Evergy announces plan for large solar farm near coal plant in Kansas City

Half of the energy produced by the 10 megawatt farm will serve customers who participate in the utility’s solar subscription program.

By: - January 5, 2022 11:27 am

Evergy will build a 10 megawatt solar farm consisting of 22,000 panels near one of its coal plants in Kansas City. (Photo by Sirisak Boakaew/Getty Images)

Evergy will build a 10-megawatt solar farm near its coal-fired power plant in northeast Kansas City, the company announced on Wednesday. 

The electric utility serves 1.6 million customers in Kansas and Missouri. Half of the energy produced at the solar farm will go to serve that entire base. The other half will be reserved for nearly 1,200 customers who participate in the utility’s solar subscription program, which allows users to pay a slightly higher bill to invest in renewable energy

“As we break ground on the solar array, we want to remind customers of this opportunity to contribute to and benefit from renewable energy without the upfront expense and process associated with owning a home solar array,” Chuck Caisley, Evergy’s senior vice president and chief customer officer, said in a news release.

Evergy plans to construct the solar farm near its Hawthorn power plant, which sits next to the Missouri River northeast of downtown Kansas City. The site will consist of 22,000 solar panels and begin operations this fall. Using the existing infrastructure near the coal plant allows Evergy to build “one of the most cost-effective and largest solar subscription facilities in Missouri,” the release says. 

“Our Hawthorn power plant is a prime location to showcase Kansas City’s commitment to renewable energy and our city’s forward-thinking progress,” Caisley said. “Bringing this renewable energy to Hawthorn will limit the expense by using infrastructure already in place.” 

Evergy has pledged to be carbon neutral by 2045. It plans to stop burning coal at its Lawrence plant by mid 2024. Environmentalists have criticized the utility for not moving more quickly to shutter its coal plants. 

GET THE MORNING HEADLINES DELIVERED TO YOUR INBOX

The company said Wednesday that it plans to invest in 700 megawatts of solar power in the next two years, enough to power 70,000 homes. It included those plans in its “integrated resource plan” filed with Kansas and Missouri regulators.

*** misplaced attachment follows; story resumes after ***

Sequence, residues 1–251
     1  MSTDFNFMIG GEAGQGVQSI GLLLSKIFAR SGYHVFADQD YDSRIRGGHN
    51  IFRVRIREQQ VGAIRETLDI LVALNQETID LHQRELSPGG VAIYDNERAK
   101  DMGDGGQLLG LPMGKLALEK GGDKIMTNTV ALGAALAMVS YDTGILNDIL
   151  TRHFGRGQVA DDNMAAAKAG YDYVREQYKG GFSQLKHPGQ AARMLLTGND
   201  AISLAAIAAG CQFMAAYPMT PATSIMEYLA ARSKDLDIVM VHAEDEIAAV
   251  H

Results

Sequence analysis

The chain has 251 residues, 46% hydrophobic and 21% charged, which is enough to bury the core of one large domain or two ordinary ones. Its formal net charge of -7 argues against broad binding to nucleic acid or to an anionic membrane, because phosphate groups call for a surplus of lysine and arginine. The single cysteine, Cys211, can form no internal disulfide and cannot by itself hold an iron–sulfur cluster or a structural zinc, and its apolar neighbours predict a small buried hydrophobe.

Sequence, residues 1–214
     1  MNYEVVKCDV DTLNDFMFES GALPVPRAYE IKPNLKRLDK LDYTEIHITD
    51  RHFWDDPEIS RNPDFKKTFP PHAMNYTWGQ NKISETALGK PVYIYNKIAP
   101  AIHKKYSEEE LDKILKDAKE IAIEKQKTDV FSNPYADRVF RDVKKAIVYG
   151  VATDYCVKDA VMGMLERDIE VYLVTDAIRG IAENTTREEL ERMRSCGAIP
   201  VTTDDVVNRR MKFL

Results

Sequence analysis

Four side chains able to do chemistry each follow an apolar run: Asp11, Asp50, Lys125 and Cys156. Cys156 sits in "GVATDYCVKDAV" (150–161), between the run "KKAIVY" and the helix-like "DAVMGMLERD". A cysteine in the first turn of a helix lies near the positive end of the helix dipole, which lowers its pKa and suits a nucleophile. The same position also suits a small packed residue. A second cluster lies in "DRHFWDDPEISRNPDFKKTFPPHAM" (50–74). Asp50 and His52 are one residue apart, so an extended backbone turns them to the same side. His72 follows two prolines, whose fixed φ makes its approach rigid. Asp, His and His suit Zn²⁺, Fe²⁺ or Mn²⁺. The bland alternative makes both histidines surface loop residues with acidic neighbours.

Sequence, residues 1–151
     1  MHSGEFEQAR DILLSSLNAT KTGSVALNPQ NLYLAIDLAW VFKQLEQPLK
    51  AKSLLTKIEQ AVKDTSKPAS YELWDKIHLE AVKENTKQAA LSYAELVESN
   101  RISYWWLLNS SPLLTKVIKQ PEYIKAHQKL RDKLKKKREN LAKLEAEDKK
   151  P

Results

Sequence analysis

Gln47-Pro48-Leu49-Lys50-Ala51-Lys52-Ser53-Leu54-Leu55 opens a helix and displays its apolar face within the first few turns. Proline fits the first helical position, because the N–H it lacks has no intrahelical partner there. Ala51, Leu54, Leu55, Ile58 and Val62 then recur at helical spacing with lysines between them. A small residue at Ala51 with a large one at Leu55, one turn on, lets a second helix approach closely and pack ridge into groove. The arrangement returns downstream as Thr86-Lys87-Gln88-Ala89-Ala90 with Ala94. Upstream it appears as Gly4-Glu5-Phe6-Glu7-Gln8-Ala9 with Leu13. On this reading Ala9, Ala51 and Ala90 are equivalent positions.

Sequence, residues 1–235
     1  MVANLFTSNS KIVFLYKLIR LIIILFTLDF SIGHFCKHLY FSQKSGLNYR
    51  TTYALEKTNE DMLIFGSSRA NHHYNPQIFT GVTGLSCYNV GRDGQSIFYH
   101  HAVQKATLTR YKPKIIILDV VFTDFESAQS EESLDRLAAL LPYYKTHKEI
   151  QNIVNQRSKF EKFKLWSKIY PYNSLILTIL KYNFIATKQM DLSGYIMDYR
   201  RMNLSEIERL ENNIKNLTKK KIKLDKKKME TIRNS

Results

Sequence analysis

But it made that claim in error based on old information, the company’s spokeswoman, Gina Penzig, said. It scaled those plans back last year and will invest in just 190 megawatts of solar energy by 2024.

Last fall, Evergy filed plans with the Kansas Corporation Commission to keep one unit open at the Lawrence Energy Center to run on natural gas during times of peak energy demand and invest in just 190 megawatts of solar power by 2024. The company is seeking a predetermination from the KCC to provide certainty regarding how it can recover costs of that solar investment from customers. 

Evergy’s integrated resource plan pledged to reduce emissions 70% by 2030 compared with 2005 levels. To do so, it plans to add 3,200 megawatts of renewable energy over the next 10 years while retiring 1,200 megawatts in fossil fuels. 

SUPPORT NEWS YOU TRUST.

The plan outlined additions of 350 megawatts of solar power per year in 2023 and 2024 and 500 megawatts of wind per year in 2025 and 2026. Starting in 2028, the company’s plan called for 5000 megawatts of renewable energy every year. 

A graphic Evergy showed to investors this fall outlined a different trajectory. 

It said it would add just 190 megawatts of solar energy in 2023 and none in 2024. Instead, it will add a combined 800 megawatts of wind energy in 2024 and 2025.

All told, by 2026, Evergy’s updated plan presented to investors was 360 megawatts short of earlier renewable generation goals. 

Our stories may be republished online or in print under Creative Commons license CC BY-NC-ND 4.0. We ask that you edit only for style or to shorten, provide proper attribution and link to our web site. Please see our republishing guidelines for use of photos and graphics.

Allison Kite
Allison Kite

Allison Kite is a data reporter for The Missouri Independent and Kansas Reflector, with a focus on the environment and agriculture. A graduate of the University of Kansas, she’s covered state government in both Topeka and Jefferson City, and most recently was City Hall reporter for The Kansas City Star.

MORE FROM AUTHOR